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Ife Durosinmi-Etti. | THISDAY Style



Ife Durosinmi-Etti. | THISDAY Style

The importance of saving for a rainy day can never be over-emphasised, moreso as a woman living with the current harsh realities in our country. Enter Ife Durosinmi-Etti, founder and CEO of Herconomy, who, through her platform, champions high-yield, low-risk savings opportunities for women to help reach their savings goals faster. Through her platform, she has brought together a community of like-minded women focused on connecting each other to various opportunities such as scholarships, grants, fellowships and job opportunities.

With a BSc in Biochemistry and an MBA in Global Business, Ife has recently worked across several industries from banking, fashion, FMCG to Tech and has built relationships, which coincidentally is a huge part of what she does today. She is also part of the Africa Startup Initiative (ASIP) Accelerator Programme and a recruitment partner with Amazon. In acknowledgement of her achievements, she received the Women’s Advocacy Award from the West African Leadership Organisation for her exemplary leadership and dedication to socio-economic development in West Africa. She was also named a Peace Scholar by the Dutch Ministry of Foreign Affairs and appointed as a Youth Advisory Group Member for Solutions for Youth Employment (S4YE), a global coalition formed by the World Bank to catalyse employment support and productive work for 150 million youth by 2030. This week, she lets Ruky Salako in on her journey so far, building Herconomy, the fintech industry and her plans going forward.

What was the ‘lightbulb’ moment and motivation for launching Herconomy? 

Ha! Everyone always asks me this question. I’ve always been an advocate for women since I was very young. I never liked seeing men bully women. I saw many women give up their careers after getting married, but the men later abandoned them, mainly because they didn’t measure up anymore. I saw domestic violence happen; women couldn’t save themselves or move out because they didn’t have a choice. I saw men lose their jobs, and my friends lives changed for the worst because their dads were the only ones bringing in income. I saw many policies that didn’t favour women because they weren’t in those rooms where the policies were created. Also, as I got older, I noticed that things started getting a bit better for women but at a certain class. I didn’t like all I had seen and experienced. I saw only the same women in specific rooms, so I knew that information was now a problem. At this time, I was a lot older and more informed; I knew I had to do something about it with the little I had. So, I created a community called AGS Tribe to empower women by giving them access to an amazing community of empowered women, capacity building and access to opportunities that could boost their careers or business. This community grew very fast over a year.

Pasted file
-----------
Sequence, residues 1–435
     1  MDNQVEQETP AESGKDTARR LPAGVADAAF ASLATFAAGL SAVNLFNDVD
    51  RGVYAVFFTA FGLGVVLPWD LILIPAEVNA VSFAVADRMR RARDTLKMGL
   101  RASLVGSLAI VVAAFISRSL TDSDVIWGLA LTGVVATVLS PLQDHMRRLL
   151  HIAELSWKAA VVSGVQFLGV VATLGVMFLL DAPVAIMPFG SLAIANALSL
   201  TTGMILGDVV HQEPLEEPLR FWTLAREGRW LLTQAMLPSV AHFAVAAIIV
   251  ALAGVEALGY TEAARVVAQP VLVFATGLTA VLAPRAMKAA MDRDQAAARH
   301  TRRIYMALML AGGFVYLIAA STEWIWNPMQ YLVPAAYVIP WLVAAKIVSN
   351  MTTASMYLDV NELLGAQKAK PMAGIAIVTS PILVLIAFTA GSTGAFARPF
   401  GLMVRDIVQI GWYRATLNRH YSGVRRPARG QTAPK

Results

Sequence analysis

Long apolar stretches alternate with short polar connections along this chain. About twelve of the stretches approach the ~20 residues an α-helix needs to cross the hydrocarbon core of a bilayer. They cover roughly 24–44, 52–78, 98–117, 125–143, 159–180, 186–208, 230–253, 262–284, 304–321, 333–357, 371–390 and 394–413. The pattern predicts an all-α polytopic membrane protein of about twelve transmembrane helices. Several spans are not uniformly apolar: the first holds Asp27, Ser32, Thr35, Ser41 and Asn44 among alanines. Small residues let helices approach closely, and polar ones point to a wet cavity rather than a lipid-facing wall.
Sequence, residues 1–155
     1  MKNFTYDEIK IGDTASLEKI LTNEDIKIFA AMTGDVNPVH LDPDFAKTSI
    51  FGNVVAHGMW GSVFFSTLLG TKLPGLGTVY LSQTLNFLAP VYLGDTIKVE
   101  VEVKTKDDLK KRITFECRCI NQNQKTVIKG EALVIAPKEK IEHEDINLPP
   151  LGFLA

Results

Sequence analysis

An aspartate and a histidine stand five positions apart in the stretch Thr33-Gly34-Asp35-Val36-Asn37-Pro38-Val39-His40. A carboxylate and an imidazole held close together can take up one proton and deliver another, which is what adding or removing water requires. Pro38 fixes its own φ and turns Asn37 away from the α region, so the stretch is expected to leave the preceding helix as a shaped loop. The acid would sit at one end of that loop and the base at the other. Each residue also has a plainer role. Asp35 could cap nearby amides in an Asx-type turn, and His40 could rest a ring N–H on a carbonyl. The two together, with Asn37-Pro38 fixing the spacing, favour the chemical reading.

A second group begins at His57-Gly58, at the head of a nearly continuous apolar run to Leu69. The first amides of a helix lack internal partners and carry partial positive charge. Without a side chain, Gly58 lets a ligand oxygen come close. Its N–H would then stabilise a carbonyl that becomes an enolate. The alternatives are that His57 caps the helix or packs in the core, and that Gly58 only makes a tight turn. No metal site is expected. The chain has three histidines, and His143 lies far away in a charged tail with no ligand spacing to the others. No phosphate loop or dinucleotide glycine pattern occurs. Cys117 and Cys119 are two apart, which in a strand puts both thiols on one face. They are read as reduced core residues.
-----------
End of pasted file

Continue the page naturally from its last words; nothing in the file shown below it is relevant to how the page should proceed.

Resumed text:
In between, I shared my story with my community members about the fact that I couldn’t save and how it was challenging to save even though I was earning well and working at a multinational company. I shared how now, as an entrepreneur, I started saving ₦1,000 a day and now was on ₦10,000 a day and how I felt saving was more of a mindset thing that became addictive once you start seeing your money grow. Many people began reaching out to me to say they also had the same challenge, so we decided to host a savings challenge to encourage more women to save. We called it the AGS Savings Challenge, which was done on another savings platform. We got over five hundred women to join us on this challenge. When it ended, our members still requested to save more and wanted it to be more consistent. At this time, we had also built our mobile app for our community, so we wanted the savings feature on the mobile app, and we were going to do it in partnership with the company again, but their tech platform wasn’t ready for us at the time. The pressure grew, so I decided to build the savings product from scratch in-house, and that’s how we also decided to change our name, so Herconomy was launched.